Quiet Talks by Samuel Dickey: Gordon, Samuel Dickey - Quiet Talks About the Healing Christ: 13. Power, the Distinctive Trait

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Quiet Talks by Samuel Dickey: Gordon, Samuel Dickey - Quiet Talks About the Healing Christ: 13. Power, the Distinctive Trait

TOPIC: Gordon, Samuel Dickey - Quiet Talks About the Healing Christ (Other Topics in this Collection)
SUBJECT: 13. Power, the Distinctive Trait

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Power, the Distinctive Trait

Christianity itself, in its one outstanding characteristic, is immeasurably more than the humanitarianism it initiates and keeps going. Its singular outstanding trait is its supernatural power, found nowhere else. It does what no other does or can do. It stands solitary and alone in this.

And, and, are you listening with your inner ears? And, if and when, it loses this, in our understanding and our teaching of it, the essence is gone.

The fragrance is here; the rose is gone. What fragrance there is, is what lingers from past contact with the real thing. How long will it linger with its source cut off?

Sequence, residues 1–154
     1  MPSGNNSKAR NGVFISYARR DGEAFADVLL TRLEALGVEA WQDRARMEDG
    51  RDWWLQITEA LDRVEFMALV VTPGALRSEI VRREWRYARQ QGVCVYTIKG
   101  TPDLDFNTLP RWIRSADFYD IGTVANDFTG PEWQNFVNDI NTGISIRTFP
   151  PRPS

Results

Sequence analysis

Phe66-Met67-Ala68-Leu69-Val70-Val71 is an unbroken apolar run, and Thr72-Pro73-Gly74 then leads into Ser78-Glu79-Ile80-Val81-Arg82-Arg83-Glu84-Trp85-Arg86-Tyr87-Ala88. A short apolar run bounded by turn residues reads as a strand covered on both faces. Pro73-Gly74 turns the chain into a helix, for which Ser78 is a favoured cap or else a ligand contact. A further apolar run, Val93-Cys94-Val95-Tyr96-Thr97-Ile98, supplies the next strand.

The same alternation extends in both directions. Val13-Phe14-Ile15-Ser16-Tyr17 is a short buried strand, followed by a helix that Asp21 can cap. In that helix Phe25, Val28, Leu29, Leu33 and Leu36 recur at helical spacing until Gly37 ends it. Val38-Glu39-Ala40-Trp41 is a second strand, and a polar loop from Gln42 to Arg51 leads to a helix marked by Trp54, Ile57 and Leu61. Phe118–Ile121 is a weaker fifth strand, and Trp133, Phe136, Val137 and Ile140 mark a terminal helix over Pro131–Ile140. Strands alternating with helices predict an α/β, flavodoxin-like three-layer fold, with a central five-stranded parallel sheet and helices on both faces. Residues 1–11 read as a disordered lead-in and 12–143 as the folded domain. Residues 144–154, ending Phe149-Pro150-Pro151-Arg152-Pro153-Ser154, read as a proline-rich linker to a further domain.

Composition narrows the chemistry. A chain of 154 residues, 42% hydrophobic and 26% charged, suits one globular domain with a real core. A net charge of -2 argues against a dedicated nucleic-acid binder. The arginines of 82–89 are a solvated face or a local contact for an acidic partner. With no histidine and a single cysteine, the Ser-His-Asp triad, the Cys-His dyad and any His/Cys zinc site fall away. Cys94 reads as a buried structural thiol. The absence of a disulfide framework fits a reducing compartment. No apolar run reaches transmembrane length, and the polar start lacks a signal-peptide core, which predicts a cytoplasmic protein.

If and when our Christianity becomes a code of ethics merely, a culture and only that, a teaching and philosophy and nothing more, a blessed humanitarianism and bettering of outer conditions of life, and that simply, the distinctive trait has gone.

The rose is severed from the fragrance. The life has gone out of the body, even with some colour in the cheek, and some muscular movements in the limbs.

The tendrils are severed from the life-giving roots. The Christian religion has been dragged down to the level of mere man-made religion, so far as the leaders can do that.

All these other things, so blessed in themselves, are mere by-products of Christianity, incidentals. One had almost said, trifling incidentals, by comparison, though so invaluable in themselves.